The logical consequence of the previous two experiments is the film generated by the third script: Waves.

Waves is what we call in the business a ‘talking movie’, and it is a small masterpiece. The progress is very evident: the description of the characters, their psychology and the different moments that the script analyses are very well defined. The dialogue makes us share in the emotions of the two characters, and is extremely appropriate to the different moments, it gives us a perfect understanding of what the protagonists are feeling and also anticipates what is likely to happen in their future.

From the first screenplay of only few minutes of writing, Camilla arrived to Waves, a very valuable piece of writing that gave rise to a short film that was awarded several times at important festivals. 

Now Camilla is working on a full-length film for the first time. The title is Agnes & Mia. This is the story of two provincial American female investigators and best friends.

During the investigation, Mia is struggling to get over her divorce of ten years earlier, while Agnes and her wife have to deal with the child protective services since Agnes’ mother accuses them of not being a healthy family for their two adopted daughters. Eventually, Agnes and Mia have to look back and discover the truth about their parents as well.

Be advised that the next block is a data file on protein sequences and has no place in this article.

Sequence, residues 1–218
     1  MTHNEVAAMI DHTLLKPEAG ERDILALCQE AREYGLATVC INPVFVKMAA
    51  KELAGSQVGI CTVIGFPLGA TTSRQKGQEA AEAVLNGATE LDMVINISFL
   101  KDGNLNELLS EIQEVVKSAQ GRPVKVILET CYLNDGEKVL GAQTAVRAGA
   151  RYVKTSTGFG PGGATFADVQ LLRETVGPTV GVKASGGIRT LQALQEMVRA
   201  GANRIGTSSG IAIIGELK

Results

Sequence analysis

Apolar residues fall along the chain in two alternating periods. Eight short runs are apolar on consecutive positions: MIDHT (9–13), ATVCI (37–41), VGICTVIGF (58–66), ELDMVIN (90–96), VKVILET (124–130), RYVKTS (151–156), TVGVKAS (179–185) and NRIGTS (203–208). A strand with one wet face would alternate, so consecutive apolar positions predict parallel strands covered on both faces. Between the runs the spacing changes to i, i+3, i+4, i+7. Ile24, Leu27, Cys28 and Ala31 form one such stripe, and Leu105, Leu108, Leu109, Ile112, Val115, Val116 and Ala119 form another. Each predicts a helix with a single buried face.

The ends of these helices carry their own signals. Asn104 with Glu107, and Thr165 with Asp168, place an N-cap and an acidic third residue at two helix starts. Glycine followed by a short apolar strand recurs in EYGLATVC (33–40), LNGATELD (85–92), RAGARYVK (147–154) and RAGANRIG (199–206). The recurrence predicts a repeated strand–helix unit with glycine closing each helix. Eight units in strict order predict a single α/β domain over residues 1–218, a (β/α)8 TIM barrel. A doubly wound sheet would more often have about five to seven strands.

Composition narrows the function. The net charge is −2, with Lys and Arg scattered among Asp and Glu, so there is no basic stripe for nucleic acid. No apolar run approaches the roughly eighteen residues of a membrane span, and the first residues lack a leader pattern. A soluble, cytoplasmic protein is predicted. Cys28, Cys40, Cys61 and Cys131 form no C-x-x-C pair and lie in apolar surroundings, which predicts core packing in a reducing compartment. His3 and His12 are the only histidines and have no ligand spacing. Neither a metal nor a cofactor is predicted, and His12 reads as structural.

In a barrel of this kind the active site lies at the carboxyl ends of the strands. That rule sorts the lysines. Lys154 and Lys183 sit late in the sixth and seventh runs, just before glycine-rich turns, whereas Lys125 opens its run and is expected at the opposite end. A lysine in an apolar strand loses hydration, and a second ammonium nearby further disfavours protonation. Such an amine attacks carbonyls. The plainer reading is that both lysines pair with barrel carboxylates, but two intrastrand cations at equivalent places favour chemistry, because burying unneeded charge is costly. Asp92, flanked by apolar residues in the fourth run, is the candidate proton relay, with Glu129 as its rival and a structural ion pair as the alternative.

This writing is extremely good and has many interesting themes. It has already been appreciated by some important producers and, even if still incomplete, it is getting very good reviews from literary agencies in Los Angeles. Agnes & Mia is a promising screenplay from every point of view, and marks enormous progress compared to everything Camilla produced up to this point in her writing career.

Progress is also constant in her career as a film director: from the simple experiment of the first film, she moved on to her second one, Love You to Death, that is much more elaborated and incorporates love scenes and scenes of normal continuity. With Waves, her third film, Camilla proves that she is a very good director who knows how to play with the emotions of the characters, as well as with the emotions of the viewers.

Her acting career is distinguished by constant success too. In 2013, Camilla translated and produced John Patrick Shanley’s play Danny and the Deep Blue Sea at Caféteatret in Oslo, playing the role of Roberta.

She then gained considerable experience and notoriety and participated in the TV series Lilyhammer (Netflix), Recoil (PCS Amazon Prime), Roeng, Next Summer, It Could Have Been Worse and HBO’s Beforeigners. She also played interesting parts in several short films.

But her most important year to date was, 2021 when she got a series regular role, as the Russian Maxima, in the Norwegian TV series Coda KORK, and was cast in the starring role of Sharon in the first film of the Spa trilogy, that consists of sequential feature films. That same year, she became a member of the international agency Global Film Actors.